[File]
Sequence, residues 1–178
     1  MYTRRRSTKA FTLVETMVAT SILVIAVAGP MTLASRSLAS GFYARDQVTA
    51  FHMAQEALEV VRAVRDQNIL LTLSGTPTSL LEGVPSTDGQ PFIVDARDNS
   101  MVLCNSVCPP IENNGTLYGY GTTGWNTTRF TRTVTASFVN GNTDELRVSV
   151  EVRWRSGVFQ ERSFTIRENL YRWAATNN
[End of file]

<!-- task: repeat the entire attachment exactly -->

Sequence, residues 1–178
     1  MYTRRRSTKA FTLVETMVAT SILVIAVAGP MTLASRSLAS GFYARDQVTA
    51  FHMAQEALEV VRAVRDQNIL LTLSGTPTSL LEGVPSTDGQ PFIVDARDNS
   101  MVLCNSVCPP IENNGTLYGY GTTGWNTTRF TRTVTASFVN GNTDELRVSV
   151  EVRWRSGVFQ ERSFTIRENL YRWAATNN